Second, i don’t like the usage “workers pay… to support [past workers, current retirees] who paid into it in the past.” While this is technically true, it is misleading. Those current retirees DID pay into SS in the past. They paid for their own benefits. Pay as you go is merely the very clever way the first cohort’s payments are protected from inflation, and earn interest, without being exposed to the risks of the market, so they can be returned to the taxpayer in time to help pay for his retirement. It is critical that people understand that the workers pay for their own benefits. It is NOT “the young paying for the old.” When they figure your benefits, they look at what YOU paid in, not what your son is paying in.

Like a lot of things in life, both ideas are true here. We are paying for the older generation, just as the next generation will pay for us. But at the same time we are paying directly for ourself. The money we pay is recorded against our name. Just like in a bank account.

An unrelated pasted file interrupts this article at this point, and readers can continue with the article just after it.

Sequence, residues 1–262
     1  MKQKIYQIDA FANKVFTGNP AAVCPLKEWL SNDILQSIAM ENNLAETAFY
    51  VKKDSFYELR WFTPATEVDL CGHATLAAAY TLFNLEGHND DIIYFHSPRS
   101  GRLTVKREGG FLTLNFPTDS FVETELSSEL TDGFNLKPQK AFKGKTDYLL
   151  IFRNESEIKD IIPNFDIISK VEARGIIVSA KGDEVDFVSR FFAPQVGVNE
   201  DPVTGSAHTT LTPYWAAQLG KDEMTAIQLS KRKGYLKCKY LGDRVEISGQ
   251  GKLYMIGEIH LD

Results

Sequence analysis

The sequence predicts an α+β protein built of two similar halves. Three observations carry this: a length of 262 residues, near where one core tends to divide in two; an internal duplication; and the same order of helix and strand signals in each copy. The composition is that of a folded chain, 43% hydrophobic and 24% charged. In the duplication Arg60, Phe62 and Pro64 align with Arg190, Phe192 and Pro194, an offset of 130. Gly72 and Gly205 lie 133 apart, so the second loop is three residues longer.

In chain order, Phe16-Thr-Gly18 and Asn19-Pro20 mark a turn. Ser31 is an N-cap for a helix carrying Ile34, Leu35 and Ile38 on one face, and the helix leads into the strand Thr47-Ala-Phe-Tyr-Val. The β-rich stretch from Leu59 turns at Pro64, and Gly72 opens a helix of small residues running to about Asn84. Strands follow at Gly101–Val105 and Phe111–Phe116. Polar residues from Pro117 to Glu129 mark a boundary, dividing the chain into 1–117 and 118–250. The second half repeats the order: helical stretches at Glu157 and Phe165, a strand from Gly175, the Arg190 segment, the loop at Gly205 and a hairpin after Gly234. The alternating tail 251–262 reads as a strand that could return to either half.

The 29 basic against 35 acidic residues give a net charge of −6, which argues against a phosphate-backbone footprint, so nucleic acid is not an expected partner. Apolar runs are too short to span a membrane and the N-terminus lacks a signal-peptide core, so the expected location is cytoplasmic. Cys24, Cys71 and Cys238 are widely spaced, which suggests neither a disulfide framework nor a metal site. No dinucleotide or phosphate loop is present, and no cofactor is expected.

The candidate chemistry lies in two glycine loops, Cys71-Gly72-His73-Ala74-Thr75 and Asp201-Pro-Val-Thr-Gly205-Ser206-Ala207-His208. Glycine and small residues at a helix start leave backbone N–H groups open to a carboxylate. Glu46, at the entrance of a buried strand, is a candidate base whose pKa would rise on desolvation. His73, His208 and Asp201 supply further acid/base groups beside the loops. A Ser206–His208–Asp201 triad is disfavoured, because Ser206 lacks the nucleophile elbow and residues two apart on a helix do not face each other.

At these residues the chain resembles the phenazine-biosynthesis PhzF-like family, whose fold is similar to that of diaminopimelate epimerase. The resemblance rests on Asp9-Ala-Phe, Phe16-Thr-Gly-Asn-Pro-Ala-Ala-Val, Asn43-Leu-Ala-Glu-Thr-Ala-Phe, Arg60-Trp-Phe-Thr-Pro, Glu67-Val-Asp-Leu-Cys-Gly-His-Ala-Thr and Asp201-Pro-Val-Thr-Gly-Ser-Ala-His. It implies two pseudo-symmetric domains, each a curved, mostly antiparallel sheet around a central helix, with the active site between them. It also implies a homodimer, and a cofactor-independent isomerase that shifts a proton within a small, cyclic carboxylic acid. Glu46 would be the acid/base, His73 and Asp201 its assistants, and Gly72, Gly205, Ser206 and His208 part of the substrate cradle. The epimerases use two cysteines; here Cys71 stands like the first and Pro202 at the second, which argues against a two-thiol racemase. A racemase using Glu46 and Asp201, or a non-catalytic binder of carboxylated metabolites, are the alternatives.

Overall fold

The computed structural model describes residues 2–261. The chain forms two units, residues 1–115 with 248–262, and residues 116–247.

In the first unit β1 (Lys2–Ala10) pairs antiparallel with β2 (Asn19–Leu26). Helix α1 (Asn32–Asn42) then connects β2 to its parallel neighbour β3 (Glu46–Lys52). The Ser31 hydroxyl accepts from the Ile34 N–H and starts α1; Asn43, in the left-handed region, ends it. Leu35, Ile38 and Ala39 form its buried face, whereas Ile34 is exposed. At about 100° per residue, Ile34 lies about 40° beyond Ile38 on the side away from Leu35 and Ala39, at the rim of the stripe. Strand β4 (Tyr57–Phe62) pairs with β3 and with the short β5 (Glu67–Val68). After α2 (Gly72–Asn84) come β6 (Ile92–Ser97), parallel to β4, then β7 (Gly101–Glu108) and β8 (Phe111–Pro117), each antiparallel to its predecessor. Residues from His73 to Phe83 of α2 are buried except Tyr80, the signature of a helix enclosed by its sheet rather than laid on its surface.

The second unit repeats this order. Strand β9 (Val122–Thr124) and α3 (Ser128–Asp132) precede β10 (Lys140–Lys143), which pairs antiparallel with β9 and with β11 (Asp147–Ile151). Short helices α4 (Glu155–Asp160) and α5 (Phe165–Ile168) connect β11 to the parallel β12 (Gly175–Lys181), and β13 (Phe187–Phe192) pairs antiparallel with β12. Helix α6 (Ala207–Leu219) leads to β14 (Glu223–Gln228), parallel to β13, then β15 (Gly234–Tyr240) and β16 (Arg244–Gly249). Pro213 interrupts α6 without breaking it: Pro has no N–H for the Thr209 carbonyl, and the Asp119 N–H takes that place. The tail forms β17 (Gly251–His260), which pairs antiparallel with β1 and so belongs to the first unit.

Third , you’ll get some disagreement about when the Trust Fund was created and what for. Beale is essentially right about the present Trust Fund being created to allow the boomers to pay in advance for the part of their own retirement benefits that would be needed in excess of normal pay as you go. The trust fund was there at the beginning as a simple way to buffer income against outgo, both for normal monthly ebbs and flows, and for the occasional recession when taxes collected would fall short of benefits “promised.” But the ’83 Social Security Commission knew the boomer retirement was coming, and the tax rate they set at that time “just happened” to result in a Trust Fund large enough to bridge the boomer retirement. This is the point we have reached today. A long expected point, in spite of the liars screaming that SS has gone “cash flow negative.” SS has not gone “negative.” It’s cash flow includes interest, and eventually principle, from the savings it generated exactly for this purpose.